Politics & Policy

An Army of Janes

Democrats and women at war.

The leading Democrats running for their party’s presidential nomination would do something radical: They would send America’s daughters to war.

During a Democratic debate this summer, both Hillary Clinton and Barack Obama indicated that they would require all female United States citizens to register for the Selective Service.

Neither candidate was as ridiculous as former Alaska senator Mike Gravel, who said, when it comes to men and women in the military: “What’s the difference?” But in its radical and dangerous implications, the frontrunners’ policy is not that far from Gravel’s.

The attitude the Democrats have on this issue has already caused harm to the military. Elaine Donnelly for the Center for Military Readiness has been watching the feminization of military personnel policy for decades. In a new article for The Duke Journal of Gender Law & Policy, she explains that “gender-integrated basic training is based on the unrealistic assumption that men and women are interchangeable in all military roles. The concept tries to circumvent or disguise physical difference with gender-normed training standards that reward equal effort rather than equal results.”

To give you an idea of how there is, in fact, a difference, here’s but one of Donnelly’s many examples of the different scoring of supposed equals: The Navy has male trainees do a minimum 42 pushups to achieve a certain score; women must do 17. To get the highest score and ratings, a man must do 87 pushups. But a woman only has to do 48 pushups.

Yes, there are differences.

The radicalism of the Democratic desire on women in the military can be seen when considering the law. In 1981, the Supreme Court upheld the constitutionality of the male-only requirement for Selective Service registration, reasoning that the whole point “was to prepare for a draft of combat troops.” Women are currently banned from combat. Would Hillary Clinton like to require women to sign up for the Selective Service in preparation for mandatory combat duty, if we needed to draft Americans? Would you conscript America’s daughters?

It’s the direction we’ve been headed in. When the number of women who died in Iraq reached two dozen, retired Air Force brigadier general Wilma L. Vaught welcomed the milestone event for women. “There’s been an acceptance of the fact that women . . . are in harm’s way and they are being killed,” she told “USA Today” in 2004. “That is defining to me.” Under the Clinton administration, a Pentagon “Risk Rule” was eliminated, opening 80 percent of all American military jobs to women. That Risk Rule prevented women from being assigned to units that posed a risk of attack or capture. The Risk Rule would have spared the life of Lori Piestewa, a 24-year-old single mother of a four-year-old boy and three-year-old girl, who, like her best friend, 19-year-old Jessica Lynch, was a supply clerk who should have not been anywhere near the convoy they were in that was ambushed in Nasiriyah (southern Iraq). Her brother told USA Today that she felt that “she wasn’t going to be anywhere near any type of dangerous situation.” But it was some kind of feminist victory that she was?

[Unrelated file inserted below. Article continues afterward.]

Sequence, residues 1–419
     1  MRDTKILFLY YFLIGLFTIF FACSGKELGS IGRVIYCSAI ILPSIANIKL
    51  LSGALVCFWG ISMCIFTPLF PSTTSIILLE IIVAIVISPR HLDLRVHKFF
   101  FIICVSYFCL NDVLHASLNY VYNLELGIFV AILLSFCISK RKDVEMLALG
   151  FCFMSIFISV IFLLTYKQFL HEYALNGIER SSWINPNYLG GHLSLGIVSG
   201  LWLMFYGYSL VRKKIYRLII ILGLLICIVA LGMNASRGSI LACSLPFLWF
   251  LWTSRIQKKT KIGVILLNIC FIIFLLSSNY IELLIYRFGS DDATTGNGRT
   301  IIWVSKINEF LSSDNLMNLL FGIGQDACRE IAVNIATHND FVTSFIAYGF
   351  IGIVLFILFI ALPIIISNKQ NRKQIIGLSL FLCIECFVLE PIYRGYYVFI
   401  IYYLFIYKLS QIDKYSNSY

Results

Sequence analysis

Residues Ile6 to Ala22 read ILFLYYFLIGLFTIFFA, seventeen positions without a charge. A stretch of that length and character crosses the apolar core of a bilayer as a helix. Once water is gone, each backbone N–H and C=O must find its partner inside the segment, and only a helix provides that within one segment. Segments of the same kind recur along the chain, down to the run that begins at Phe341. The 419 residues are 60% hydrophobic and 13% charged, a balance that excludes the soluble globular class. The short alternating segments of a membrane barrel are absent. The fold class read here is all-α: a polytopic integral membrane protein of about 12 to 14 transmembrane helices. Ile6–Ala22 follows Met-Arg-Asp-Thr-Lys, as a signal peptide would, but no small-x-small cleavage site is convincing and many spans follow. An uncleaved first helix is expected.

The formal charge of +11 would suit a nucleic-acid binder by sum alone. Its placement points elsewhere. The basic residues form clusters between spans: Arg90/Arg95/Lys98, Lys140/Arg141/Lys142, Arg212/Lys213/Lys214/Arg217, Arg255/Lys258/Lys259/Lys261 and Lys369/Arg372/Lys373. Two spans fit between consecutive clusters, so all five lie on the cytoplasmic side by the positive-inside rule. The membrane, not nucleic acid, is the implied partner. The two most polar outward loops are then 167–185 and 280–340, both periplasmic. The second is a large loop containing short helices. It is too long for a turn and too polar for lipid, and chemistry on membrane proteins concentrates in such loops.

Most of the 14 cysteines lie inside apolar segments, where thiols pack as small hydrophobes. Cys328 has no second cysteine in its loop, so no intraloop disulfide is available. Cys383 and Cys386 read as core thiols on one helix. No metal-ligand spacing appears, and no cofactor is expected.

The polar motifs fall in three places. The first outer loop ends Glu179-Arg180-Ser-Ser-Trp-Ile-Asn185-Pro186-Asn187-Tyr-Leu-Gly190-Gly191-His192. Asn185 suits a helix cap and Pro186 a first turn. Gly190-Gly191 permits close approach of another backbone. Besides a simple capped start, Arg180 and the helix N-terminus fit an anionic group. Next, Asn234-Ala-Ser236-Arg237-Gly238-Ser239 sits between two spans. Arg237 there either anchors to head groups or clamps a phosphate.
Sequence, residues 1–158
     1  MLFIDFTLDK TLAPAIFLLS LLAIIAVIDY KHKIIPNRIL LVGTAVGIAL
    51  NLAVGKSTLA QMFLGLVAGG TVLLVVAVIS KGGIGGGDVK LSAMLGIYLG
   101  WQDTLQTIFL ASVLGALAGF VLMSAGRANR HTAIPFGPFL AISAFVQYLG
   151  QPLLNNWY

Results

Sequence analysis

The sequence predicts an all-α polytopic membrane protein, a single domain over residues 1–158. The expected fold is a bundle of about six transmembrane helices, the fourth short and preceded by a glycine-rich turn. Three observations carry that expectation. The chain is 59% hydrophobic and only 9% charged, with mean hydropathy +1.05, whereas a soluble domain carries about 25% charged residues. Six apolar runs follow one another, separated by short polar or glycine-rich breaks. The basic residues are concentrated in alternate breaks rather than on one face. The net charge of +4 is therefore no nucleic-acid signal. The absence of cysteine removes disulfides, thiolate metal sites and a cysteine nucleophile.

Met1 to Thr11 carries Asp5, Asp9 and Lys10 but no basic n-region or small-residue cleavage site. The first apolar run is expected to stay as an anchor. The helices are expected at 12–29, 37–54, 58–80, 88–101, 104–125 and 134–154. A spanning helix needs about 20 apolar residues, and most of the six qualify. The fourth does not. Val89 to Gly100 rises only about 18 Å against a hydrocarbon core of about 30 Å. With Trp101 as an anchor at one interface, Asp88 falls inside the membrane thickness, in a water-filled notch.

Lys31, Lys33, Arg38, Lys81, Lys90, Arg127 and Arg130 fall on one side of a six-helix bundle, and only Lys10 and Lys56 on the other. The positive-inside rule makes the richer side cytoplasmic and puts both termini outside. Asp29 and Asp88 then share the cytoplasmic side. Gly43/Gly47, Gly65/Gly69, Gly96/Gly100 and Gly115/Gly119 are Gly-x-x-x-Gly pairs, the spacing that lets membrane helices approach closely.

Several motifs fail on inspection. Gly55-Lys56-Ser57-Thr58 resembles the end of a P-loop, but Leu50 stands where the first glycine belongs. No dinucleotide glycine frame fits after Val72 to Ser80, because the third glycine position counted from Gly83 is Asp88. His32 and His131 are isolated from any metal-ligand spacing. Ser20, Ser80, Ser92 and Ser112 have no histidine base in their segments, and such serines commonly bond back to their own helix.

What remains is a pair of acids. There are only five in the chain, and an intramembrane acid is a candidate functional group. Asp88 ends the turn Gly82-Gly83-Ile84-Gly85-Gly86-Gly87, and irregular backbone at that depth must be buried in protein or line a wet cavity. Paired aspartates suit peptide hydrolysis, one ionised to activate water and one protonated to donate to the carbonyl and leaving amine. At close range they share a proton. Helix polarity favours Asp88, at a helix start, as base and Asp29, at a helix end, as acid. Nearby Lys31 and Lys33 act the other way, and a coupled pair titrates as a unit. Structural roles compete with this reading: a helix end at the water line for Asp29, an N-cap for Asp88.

Senator James Webb, a Democrat from Virginia, would be doing his nation a service if he made a realistic view of women’s role in the military his pet cause. I don’t agree with Webb on everything (including involving the military — he’s been opposed to the Iraq war), but the senator has written at length about the fundamental flaws with the military’s acting as if men and women were the same. In 1997, writing about sexual misconduct in the military, he explained the impossible position of military leaders who simply cannot deal with the problems that politics and law have forced upon a “system that throws healthy young men and women together inside a volatile, isolated crucible of emotions.” Generals and admirals have surrendered to political pressures and refused to confront ideologues, with the result that “many junior leaders [have been] forced to deal directly with impossible, ethically compromising positions.”

He should call Elaine Donnelly to the Senate and have her talk about her recommendations for treating men and women differently — in the interest of the safety of our troops. As a Marine serving in Fallujah e-mailed her: “No soldier or Marine should die because his buddy couldn’t get him to safety because she wasn’t strong enough.” We shouldn’t be drafting women; we should be drafting a realistic vision of women’s role in the United States armed forces.

© 2007, Newspaper Enterprise Assn.


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